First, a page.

# Fourier Transform (basic table lookup)

In summary, the conjugation rule states that if you want to transform a function from one domain to another, you need to use the inverse function.

I have a practice exam I'm going through, and I am stumped on one of the basic problems.

How is this a transform pair?

$$10 X(jt)$$ <-----> $$20 \pi x (-\omega)$$

I don't see how one can make this relation. What is the $$10 X (jt)$$.

Divide both sides by 10 to simplify!

X(jt)<-----> 2pi x(-w)

Still seems wrong to me. The 2pi is normally included in the defn. of the FT.
What's j ?

I'll post the exact question. I don't understand the X(jt) as I posted. Note: $$j = \sqrt{-1}$$ OK, I got it- but I don't like the j notation. Everyone else writes

x(t) <-----> X(omega)

Define FT[x(t)]= Int[e^-iwt x(t)] dt
FT-1[X(w)]=(1/2pi)Int[e^iwt X(w)] dw

(you may use a different convention, but the prefactors of FT and FT-1 must multiply to (1/2pi) no matter what convention you use)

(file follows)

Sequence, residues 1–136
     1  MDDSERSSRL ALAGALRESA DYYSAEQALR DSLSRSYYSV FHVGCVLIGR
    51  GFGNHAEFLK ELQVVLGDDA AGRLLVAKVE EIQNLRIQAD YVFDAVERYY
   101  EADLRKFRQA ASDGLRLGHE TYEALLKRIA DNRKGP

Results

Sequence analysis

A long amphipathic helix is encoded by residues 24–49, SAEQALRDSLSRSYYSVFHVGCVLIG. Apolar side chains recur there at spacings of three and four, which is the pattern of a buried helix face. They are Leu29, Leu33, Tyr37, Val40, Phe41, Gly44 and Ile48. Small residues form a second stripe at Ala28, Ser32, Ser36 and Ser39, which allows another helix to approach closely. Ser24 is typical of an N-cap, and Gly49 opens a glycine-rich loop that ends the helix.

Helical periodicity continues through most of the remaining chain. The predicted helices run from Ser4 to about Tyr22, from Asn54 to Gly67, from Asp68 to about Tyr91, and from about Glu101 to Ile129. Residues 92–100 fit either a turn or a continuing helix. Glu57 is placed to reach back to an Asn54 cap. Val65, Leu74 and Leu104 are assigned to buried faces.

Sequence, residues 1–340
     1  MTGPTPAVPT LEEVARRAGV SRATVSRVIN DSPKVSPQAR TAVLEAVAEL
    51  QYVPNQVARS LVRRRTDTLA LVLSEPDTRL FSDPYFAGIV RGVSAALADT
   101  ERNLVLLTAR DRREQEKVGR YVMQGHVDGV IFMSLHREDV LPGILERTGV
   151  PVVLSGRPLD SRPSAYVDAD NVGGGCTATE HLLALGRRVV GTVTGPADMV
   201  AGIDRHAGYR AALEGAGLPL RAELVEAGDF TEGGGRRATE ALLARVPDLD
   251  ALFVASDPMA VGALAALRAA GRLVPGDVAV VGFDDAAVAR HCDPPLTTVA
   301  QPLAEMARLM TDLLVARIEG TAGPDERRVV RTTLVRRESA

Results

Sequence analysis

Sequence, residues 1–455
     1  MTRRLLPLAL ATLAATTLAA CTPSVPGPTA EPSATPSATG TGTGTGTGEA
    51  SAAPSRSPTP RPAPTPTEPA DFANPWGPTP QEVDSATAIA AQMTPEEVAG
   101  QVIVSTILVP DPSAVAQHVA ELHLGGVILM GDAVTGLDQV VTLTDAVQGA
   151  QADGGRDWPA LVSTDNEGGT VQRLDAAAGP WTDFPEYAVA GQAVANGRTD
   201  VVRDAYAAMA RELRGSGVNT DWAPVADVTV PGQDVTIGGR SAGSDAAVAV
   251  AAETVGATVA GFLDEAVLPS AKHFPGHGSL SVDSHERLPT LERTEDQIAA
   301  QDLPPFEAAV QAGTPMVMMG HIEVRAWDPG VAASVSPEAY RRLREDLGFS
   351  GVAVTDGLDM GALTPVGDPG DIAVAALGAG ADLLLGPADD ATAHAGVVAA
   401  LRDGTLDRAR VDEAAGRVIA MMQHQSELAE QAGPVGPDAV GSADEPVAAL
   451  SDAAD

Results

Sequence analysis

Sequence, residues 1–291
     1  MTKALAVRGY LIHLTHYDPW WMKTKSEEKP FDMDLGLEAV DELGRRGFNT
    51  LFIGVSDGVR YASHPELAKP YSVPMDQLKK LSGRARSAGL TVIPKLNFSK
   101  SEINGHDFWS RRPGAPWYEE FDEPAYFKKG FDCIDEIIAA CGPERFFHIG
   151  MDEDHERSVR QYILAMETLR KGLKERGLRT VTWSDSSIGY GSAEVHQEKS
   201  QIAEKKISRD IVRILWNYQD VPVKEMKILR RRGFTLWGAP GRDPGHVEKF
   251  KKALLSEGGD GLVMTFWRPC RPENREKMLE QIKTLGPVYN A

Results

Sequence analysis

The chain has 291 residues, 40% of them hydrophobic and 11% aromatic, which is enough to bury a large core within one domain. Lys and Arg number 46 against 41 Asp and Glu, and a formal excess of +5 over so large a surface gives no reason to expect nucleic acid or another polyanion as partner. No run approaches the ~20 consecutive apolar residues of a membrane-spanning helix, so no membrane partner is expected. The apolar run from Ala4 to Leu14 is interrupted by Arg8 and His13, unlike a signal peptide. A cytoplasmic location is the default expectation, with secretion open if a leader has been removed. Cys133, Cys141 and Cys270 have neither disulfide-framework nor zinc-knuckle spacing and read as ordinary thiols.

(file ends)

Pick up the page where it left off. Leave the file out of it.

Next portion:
Int [ e^-iwt x(t)] dt = X(w)

substitute w=t', t=w'

Int [ e^-iw't' x(w') ] dw' =X (t')

which is the same as writing

Int [ e^-iwt x(w) ] dw =X (t)

Substitute w -> -w

-(1/2pi) Int [ e^iwt x(-w) ] dw =1/(2pi) X (t)

The LHS is the inverse FT, which I'll call FT-1

-FT-1 [x(-w)]=1/2pi X(t)

Take 2pi to other side
X(t)=-2pi FT-1 [x(-w)]

FT both sides

FT[ X(t) ] =-2pi x(-w)

X(t) <----> - 2pi x(-w)

I seem to have an extra minus sign- but who cares? You can have fun checking if it's me or the teacher who messed it up.

Edit- the minus sign comes from changing the limits from +ininity,-infinity to -infinity,+infinity in the integral, when w-> -w

You can then turn the integral 'the right way up' with the introduction of a minus sign.
That always trips me up.

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The conjugation rule is :

$g\left( t \right) = \overline {f\left( t \right)} \Rightarrow G\left( \omega \right) = \overline {F\left( { - \omega } \right)}$

- Warren

chroot said:
The conjugation rule is :

$g\left( t \right) = \overline {f\left( t \right)} \Rightarrow G\left( \omega \right) = \overline {F\left( { - \omega } \right)}$

- Warren

Is that a proof?

Oops, actually, I read this too quickly. The example given is a form of the inversion rule:

$g\left( t \right) = F\left( t \right) \Rightarrow G\left( \omega \right) = f\left( { - \omega } \right)$

And no, it's not a "proof," it's an rule of the so-called Fourier transform calculus.

- Warren